Weird but true: blue + brown paint = black. I mix my own colors, so I don’t actually own any black, though I use it A LOT. I learned this handy tip years ago- mix Ultramarine blue with Burnt Umber to make black- it makes a richer color (and handy if you run out of the tube version).
I was recently invited to exhibit in Les Bon Artiste Roule at the Zigler Art Museum in Jennings, LA. The show consists of artists from the Lafayette area that have previously exhibited at the Zigler. Below are some photos from the recent opening reception and more can be seen here: www.amyguidry.com/events.html. The exhibit is open through March 9th.
After reading the title of this post, you’d probably think I’m being sarcastic or just plain crazy. Actually, no. The thing is, anytime you are losing “fans” (email newsletter subscribers, Facebook Fans, etc.), you’re probably not actually losing fans, you’re losing people that weren’t really interested in the first place. There are many reasons why someone may subscribe to your newsletter or be your fan on Facebook or follow you on Twitter. You would hope that it’s because they just love your art, but that’s not always the case. Some are other artists just doing research on you, some are acquaintances that felt obligated to join because you asked, and some may have been interested but quickly discovered that your work is not what they expected- the list goes on.
So why is this a good thing? Because it translates to more time and effort put into those who do care about your art, and less wasted on those that weren’t interested. For every email, every phone call, every Tweet, every newsletter, every postcard, etc. etc., there is less time, money, and energy invested into those that are not interested in your art, thus allowing you to focus on those that do care. Sure, you want to know that your art resonates with tons of people- everyone, for that matter- but it’s not going to do that if they’re hitting the delete button every time you send them something. And it’s not that you’re doing anything wrong or that your art is “bad.” Some people are just not going to be interested, but this frees you up to fully invest in those that are. If you were to send out a newsletter and end up with a few “unsubscribes” as a result and one heartfelt email from a fan, that fan’s response far outweighs the unsubscribes. (More than likely those unsubscribes are people you’ve never heard from anyway.) Having a meaningful connection with your fans is much more rewarding and better for your career seeing as these are the folks that will talk about your art, come to your shows, and share your news or posts with others.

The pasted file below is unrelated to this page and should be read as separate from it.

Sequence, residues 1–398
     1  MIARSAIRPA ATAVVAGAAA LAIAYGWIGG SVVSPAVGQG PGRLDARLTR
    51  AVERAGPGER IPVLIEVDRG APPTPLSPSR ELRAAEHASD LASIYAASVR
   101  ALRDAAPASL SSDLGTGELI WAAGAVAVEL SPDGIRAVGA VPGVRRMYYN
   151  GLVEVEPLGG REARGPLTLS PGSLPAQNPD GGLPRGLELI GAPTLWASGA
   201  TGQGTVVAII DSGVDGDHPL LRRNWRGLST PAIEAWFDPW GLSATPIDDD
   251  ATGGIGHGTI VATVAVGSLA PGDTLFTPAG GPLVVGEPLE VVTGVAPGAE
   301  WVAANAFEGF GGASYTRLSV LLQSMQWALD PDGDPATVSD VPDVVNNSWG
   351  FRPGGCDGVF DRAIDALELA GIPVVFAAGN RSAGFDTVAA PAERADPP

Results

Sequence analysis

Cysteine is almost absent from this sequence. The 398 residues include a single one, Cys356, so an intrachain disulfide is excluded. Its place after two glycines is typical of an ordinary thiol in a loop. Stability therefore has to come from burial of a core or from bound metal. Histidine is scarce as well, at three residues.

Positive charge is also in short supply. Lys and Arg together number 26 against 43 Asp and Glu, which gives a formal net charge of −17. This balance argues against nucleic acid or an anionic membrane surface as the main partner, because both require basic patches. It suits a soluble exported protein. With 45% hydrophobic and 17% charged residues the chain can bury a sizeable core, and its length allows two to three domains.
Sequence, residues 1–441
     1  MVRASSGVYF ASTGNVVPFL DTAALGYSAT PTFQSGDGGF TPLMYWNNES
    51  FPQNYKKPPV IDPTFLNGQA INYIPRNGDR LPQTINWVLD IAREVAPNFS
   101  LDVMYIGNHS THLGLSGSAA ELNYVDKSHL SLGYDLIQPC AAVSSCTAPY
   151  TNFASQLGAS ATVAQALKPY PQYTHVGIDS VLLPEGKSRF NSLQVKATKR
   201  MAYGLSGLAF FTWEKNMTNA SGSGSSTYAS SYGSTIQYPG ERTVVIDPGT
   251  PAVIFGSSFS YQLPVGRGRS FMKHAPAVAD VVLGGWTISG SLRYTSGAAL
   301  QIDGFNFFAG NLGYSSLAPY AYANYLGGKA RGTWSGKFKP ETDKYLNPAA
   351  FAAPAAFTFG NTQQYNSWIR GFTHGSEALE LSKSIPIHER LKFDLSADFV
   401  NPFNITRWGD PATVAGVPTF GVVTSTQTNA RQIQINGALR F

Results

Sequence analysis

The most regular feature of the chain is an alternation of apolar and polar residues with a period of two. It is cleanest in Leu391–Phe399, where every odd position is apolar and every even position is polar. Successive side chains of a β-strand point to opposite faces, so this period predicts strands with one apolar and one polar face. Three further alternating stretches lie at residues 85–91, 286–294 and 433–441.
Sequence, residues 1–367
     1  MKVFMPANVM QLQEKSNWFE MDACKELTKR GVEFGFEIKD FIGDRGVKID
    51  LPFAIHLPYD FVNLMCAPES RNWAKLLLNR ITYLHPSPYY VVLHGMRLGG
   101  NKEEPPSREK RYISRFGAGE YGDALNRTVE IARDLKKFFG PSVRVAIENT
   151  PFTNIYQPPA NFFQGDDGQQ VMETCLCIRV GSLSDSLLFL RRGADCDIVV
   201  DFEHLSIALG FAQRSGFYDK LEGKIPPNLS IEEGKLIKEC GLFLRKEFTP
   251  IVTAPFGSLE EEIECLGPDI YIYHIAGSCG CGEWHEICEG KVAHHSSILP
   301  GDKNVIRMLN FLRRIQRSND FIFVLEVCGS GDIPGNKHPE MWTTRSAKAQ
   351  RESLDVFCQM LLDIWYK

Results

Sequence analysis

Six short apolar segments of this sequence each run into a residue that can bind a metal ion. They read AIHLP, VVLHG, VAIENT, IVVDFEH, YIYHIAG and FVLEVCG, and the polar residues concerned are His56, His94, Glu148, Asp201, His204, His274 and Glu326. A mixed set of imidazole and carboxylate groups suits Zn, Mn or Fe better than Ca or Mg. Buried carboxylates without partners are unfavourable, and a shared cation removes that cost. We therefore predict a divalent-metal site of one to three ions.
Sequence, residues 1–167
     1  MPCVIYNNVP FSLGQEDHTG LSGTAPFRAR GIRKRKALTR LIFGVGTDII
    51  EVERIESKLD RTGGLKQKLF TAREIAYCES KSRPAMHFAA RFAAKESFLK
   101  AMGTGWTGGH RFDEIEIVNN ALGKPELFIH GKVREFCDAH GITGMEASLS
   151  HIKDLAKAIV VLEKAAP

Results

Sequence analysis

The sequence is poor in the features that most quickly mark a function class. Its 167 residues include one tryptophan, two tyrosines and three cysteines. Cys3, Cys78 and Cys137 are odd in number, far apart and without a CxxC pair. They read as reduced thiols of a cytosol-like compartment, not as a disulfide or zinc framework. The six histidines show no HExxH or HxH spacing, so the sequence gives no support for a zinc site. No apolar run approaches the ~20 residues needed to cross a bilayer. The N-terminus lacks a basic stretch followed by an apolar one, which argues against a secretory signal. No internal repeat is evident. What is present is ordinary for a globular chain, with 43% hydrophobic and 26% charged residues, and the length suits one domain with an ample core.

I’ve recently finished another new painting in the In Our Veins series. It’s titled Tree of Life and it is an acrylic on canvas, 4″ wide by 6″ high. The idea for this one was from one of my earlier sketches, though I modified it a bit and added the moths. View the painting online here: www.amyguidry.com/tree-of-life.html.
Tomorrow night is the opening of Les Bon Artiste Roule at the Zigler Art Museum in Jennings, LA. The show consists of artists from the Lafayette area that have previously exhibited at the Zigler. I have several paintings in the exhibit from my New Realm series. Artists featured are: Annette Aucoin, Vergie Banks, Charlotte Broussard, Amy Guidry, Louise Guidry, Michele Hudelot, Ann Ella Joubert, Deanna Meche, Mary Morvant, Mary Broussard Perrin, Paul Schexnayder, Patrick Soper, and Myra Winters. The opening reception will be held February 16th from 6-8pm and the exhibit will remain up through March 9th.